Forty-four years later, on the eve of Mandela's 90th birthday, listening to a podcast of his Rivonia Trial speech, it occurs to me that many of the things he was prepared to lay his life on the line for, have not changed. His seminal speech was about the appalling socio-economic conditions of black South Africans and the gross inequality between the lives of white and black South Africans.
How tragic and ironic that despite Mandela’s sacrifices - with only the difference of political freedom - if the dates were changed in his Rivonia Trial speech, he could easily rerun it as a commentary on modern day South Africa.
The downtrodden of South Africa are still stuck in the trenches of a struggle for their socio-economic freedom.
Nevertheless, even as Mandela has become far removed from his people, he continues to be a man of extraordinary character and integrity and even enjoys the love and respect of those who have been betrayed by the democratic transition.
Sbu Zikode, president of Abahlali Basemjondolo, the shack dwellers organisation, says "We take Mandela as a second Jesus Christ, who was jailed for all of us. We really appreciate the sacrifice that he made. We all fought together as brothers and sisters … and it is more hurt(ful) when it is our own brothers … who are now oppressing us."
Through ‘anger, hunger and frustration’ Abahlali’s shack dwellers have taken to the streets to protest the conditions under which they live. They are pained and disappointed by the lack of priority assigned to their plight by the democratically elected government and have, in recent years, been increasingly active in expressing their constitutional right to protest.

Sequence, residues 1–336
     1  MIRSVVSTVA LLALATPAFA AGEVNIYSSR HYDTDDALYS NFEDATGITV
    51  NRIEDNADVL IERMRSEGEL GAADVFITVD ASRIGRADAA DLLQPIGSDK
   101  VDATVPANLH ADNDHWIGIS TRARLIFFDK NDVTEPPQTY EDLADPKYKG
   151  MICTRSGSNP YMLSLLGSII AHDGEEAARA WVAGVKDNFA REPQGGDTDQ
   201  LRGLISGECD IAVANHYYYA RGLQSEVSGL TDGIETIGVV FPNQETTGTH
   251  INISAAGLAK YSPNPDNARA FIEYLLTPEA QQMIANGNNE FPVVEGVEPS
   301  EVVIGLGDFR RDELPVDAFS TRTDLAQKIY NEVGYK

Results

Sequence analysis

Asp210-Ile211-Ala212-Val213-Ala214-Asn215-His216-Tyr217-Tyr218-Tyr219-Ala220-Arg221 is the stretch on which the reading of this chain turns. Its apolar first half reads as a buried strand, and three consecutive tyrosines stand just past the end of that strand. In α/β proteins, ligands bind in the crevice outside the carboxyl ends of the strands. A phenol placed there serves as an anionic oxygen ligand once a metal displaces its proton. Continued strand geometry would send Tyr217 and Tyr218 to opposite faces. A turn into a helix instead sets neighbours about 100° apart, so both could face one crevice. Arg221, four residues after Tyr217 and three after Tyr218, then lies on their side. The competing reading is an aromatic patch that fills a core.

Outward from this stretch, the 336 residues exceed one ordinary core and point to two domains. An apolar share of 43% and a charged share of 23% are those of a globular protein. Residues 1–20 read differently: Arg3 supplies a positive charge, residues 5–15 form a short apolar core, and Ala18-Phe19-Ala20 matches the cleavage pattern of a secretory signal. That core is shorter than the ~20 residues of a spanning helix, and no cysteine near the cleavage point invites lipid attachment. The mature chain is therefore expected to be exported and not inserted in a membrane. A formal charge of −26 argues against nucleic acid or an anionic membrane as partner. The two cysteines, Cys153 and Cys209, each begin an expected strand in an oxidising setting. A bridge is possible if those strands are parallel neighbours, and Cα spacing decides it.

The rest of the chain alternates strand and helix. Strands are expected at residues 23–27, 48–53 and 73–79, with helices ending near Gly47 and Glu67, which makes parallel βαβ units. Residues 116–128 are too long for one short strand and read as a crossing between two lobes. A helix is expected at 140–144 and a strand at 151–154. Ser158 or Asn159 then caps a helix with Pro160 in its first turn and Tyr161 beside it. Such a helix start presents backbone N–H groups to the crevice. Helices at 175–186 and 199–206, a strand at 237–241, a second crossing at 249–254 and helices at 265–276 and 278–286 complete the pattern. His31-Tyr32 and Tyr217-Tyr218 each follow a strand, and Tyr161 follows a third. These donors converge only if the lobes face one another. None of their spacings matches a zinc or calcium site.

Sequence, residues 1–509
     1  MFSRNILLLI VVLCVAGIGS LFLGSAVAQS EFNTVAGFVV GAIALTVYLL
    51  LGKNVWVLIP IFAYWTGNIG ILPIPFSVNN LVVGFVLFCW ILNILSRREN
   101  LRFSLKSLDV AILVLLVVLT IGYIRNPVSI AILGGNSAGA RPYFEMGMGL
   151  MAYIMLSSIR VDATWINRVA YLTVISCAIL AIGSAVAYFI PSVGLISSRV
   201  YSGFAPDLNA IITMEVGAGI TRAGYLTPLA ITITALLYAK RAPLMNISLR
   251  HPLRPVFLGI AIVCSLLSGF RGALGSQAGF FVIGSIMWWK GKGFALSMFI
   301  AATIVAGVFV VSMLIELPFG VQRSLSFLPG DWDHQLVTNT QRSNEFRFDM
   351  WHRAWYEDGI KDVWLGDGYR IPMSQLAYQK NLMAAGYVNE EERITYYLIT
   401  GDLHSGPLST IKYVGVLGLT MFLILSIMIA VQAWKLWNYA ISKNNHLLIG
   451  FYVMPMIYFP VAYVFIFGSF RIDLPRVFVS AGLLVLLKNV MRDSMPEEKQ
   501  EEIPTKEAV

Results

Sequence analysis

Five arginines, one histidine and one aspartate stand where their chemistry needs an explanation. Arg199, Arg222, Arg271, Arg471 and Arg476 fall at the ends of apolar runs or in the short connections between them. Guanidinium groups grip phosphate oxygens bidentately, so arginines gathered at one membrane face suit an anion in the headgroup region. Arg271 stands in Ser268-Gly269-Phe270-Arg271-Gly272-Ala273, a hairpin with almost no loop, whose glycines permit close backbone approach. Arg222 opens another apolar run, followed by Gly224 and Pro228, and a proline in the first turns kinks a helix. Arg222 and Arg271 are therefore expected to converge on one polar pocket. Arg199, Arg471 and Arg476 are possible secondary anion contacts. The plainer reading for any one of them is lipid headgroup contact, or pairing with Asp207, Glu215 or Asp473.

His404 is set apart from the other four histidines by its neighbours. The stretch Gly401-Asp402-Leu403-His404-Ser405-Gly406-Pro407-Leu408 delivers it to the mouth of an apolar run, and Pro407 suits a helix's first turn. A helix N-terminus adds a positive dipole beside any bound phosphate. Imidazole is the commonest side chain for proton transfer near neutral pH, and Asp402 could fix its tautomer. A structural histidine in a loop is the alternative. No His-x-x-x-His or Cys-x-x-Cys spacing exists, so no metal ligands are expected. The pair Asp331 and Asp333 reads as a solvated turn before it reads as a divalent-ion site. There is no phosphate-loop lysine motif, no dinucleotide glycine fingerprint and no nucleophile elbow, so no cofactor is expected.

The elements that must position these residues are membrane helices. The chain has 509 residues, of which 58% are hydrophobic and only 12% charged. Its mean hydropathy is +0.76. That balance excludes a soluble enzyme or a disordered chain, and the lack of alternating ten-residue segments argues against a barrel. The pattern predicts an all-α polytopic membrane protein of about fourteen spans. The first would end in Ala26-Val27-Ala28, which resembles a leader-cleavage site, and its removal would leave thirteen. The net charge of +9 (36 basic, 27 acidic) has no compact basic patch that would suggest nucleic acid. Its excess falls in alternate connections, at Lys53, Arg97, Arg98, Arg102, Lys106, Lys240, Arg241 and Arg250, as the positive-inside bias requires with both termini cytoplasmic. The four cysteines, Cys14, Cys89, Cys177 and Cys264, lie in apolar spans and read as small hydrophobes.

When laws don’t work for people, civil disobedience is allowed. This is the lesson that we learned from the young Mandela. Not that Abahlali's protest action is unlawful.
Given the history of our leaders, it is surprising to note the crackdown on our community activists of today. The story of Jerome Daniels and Ridwaan Isaacs is a case in point. They are both community leaders from the Delft informal settlement, involved in the struggle for decent housing, who have recently been sentenced to a year in jail for their political activism.
In handing down their stiff sentences, the magistrate argued that he was doing so in order to "teach the Western Cape Anti-Eviction Campaign a lesson." This campaign, which both the accused are members of, is a sister organisation of Abahlali.